Maybe lithography, sintering and printing aren't the right words. Too dainty and two-dimensional. Maybe welding and forging would be better because they suggest more power, impact and depth.
This is because traditional metalworking terms more accurately describe what's going on when 3D laser-sintering machines from Electro Optical Systems melt and build up layers of metal into pretty much anything their users can imagine and design. Of course, 3D printers that produce fantastical plastic objects seem to be everywhere these days, but only a few of these 3D printers work with metal, and those like EOS' that can create large pieces in industrial volumes are rarer still.
EOS was founded way back in 1989 by Dr. Hans Langer, who had been involved with a firm working as an R&D contractor for BMW to develop a stereolithography (SLA) process using photo-curable liquid resins. Their early vision was to develop a similar selective laser-sintering (SLS) process, which could melt thermoplastic nylon or semi-crystalline powders with a CO2 laser. Since then, the inventors of SLA and SLS have cross-licensed their technologies to nurture the still young and quickly emerging field of additive manufacturing.
"EOS invented powder-bed, metal printing in 1992, and so we hold about 700 patents in 100 patent families. We cross-license with our competitors because it's good for making our industry grow," says Andrew Snow, senior vice president, EOS of North America.
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The company is headquartered in Krailling, Germany, near Munich, and its North American technical center is in Novi, Michigan. EOS now has more than 500 employees, including one-third devoted to R&D and engineering, and it spends 15 to 18% of its revenue on development. As a result, EOS has more than 1,500 installs worldwide, including many in the U.S. Its users make parts and other products for aerospace, medical, automotive, industrial, consumer products and other manufacturers.
Besides this cooperation, Snow reports that many hard-won technical and material improvements have aided the emergence of EOS and other additive machine builders. "Many developments in the laser industry have had major impacts, but I think the biggest breakthrough came in 2006-07 when we were able to switch from CO2 lasers to single-mode, diode-pump, fiber-optic lasers, which enabled 3D printers to process a variety of new alloys, including many types of aluminum, steel, stainless steel and titanium," Snow says. "As more technical improvements came along, such as digital scanners for better laser steering and higher-wattage lasers, which enable faster and more efficient printing, we added them. Also, where a CO2 laser could only run at 200 watts, today's typical fiber-optic laser can run at 200, 400 or 1,000 watts. And, while the largest, traditional 3D-printed projects are about 250 mm, our maximum part geometry is now a 400-mm cube."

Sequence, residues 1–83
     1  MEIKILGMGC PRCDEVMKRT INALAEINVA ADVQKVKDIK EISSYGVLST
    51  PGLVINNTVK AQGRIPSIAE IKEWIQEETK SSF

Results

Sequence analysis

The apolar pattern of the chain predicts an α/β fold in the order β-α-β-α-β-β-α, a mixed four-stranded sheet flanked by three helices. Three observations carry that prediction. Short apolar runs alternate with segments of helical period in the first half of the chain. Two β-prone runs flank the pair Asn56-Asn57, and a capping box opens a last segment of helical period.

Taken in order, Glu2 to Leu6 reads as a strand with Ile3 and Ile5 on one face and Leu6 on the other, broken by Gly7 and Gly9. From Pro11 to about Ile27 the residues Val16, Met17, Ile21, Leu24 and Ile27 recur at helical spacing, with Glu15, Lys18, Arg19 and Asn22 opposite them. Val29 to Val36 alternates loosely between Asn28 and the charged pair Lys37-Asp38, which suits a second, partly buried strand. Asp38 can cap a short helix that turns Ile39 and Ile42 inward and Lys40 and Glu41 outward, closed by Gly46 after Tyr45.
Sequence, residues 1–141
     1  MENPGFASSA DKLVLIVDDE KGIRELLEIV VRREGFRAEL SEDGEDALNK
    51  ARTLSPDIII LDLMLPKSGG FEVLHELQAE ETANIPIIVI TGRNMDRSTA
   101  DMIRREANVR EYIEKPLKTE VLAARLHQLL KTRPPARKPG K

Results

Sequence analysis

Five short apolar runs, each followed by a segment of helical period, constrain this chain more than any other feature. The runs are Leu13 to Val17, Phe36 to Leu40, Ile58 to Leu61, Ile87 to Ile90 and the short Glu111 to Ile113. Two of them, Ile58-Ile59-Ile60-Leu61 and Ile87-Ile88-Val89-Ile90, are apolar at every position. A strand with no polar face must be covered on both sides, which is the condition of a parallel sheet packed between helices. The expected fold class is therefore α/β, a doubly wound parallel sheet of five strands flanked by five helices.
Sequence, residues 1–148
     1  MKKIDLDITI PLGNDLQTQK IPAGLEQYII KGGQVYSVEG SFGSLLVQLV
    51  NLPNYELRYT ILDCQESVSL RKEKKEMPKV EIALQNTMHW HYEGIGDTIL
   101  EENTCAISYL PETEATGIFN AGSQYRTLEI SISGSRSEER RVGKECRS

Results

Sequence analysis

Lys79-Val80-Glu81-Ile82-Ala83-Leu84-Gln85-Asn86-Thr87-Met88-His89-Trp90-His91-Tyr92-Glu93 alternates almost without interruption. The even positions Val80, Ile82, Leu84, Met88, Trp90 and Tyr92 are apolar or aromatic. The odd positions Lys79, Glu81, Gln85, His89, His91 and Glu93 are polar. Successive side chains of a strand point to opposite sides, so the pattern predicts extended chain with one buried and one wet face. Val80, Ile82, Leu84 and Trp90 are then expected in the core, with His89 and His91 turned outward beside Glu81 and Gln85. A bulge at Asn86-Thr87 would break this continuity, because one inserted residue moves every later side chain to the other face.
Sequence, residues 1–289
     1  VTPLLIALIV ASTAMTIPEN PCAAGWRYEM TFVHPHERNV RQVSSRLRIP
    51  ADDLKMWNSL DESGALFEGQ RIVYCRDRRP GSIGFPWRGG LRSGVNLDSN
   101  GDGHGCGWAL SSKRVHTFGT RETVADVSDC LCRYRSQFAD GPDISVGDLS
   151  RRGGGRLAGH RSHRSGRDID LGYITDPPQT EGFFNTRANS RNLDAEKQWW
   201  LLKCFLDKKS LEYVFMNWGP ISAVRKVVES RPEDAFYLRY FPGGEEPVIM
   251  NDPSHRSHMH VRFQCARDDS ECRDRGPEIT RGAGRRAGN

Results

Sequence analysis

Though 3D laser printers require fewer automation and control components than traditional subtractive devices such as machining centers, they still require controls similar to those used in other laser-based cutting and marking equipment. In this case, CAD/CAM files are downloaded into and "sliced up" by EOS' proprietary PSW software, which then drives its printers' laser-scanning heads, galvanometers, mirrors and two-axis spindles. After the system deposits a fine layer of metal power on its build platform, the lasers and mirrors trace each design layer before another layer is added, which progressively builds up or "grows" each part.
The ability to run faster at higher power, process more different metals and materials, handle larger projects with more complex geometries and achieve greater throughput, all enable EOS to differentiate its machines from the ubiquitous, but less-capable 3D printers built for and used mostly by hobbyists and others in the growing do-it-yourself or maker communities. "Smaller players and tabletop printers are fine, but EOS is dedicated to high-volume, industrial 3D printing and manufacturing," Snow explains. "In addition, the metallurgical properties of our laser-sintered parts are much better than cast parts and, in many cases, they're equal to wrought, forged or bar-stock materials. What we're doing isn't so much laser sintering as it is micro welding."
More recently, EOS introduced 3D laser printing for 316 stainless steel, and developed and introduced printing of Hastelloy nickel-based alloy. "We've analyzed many different metals and alloys for 3D laser printing, and we commercialize them when we find a market," Snow says.
Once a laser-printing program is complete and its part is finished, the leftover metal powder is removed and recycled into the next build project. Next, finished parts can undergo post-production work, such as further machining, finishing and polishing. Snow adds this demonstrates that EOS doesn't want to replace traditional machining technologies, but instead use its additive methods to cooperate with traditional subtractive technologies. "Subtractive and additive can can work in tandem on the plant floor, and many users already find ways to do it," Snow adds. "For example, some users employ our 3D printers to quickly make parts for their pick-and-place equipment or end-of-arm tooling machines."